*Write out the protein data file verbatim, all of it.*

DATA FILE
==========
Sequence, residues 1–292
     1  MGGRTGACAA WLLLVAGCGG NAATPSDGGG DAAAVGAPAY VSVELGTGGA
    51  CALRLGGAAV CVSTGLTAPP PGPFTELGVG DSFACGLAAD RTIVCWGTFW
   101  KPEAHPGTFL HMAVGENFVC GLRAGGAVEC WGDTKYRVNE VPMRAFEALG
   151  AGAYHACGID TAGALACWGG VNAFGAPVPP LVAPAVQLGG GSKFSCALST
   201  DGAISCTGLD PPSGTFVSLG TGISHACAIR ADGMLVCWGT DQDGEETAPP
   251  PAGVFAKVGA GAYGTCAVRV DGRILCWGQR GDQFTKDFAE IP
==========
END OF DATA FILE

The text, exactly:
Sequence, residues 1–292
     1  MGGRTGACAA WLLLVAGCGG NAATPSDGGG DAAAVGAPAY VSVELGTGGA
    51  CALRLGGAAV CVSTGLTAPP PGPFTELGVG DSFACGLAAD RTIVCWGTFW
   101  KPEAHPGTFL HMAVGENFVC GLRAGGAVEC WGDTKYRVNE VPMRAFEALG
   151  AGAYHACGID TAGALACWGG VNAFGAPVPP LVAPAVQLGG GSKFSCALST
   201  DGAISCTGLD PPSGTFVSLG TGISHACAIR ADGMLVCWGT DQDGEETAPP
   251  PAGVFAKVGA GAYGTCAVRV DGRILCWGQR GDQFTKDFAE IP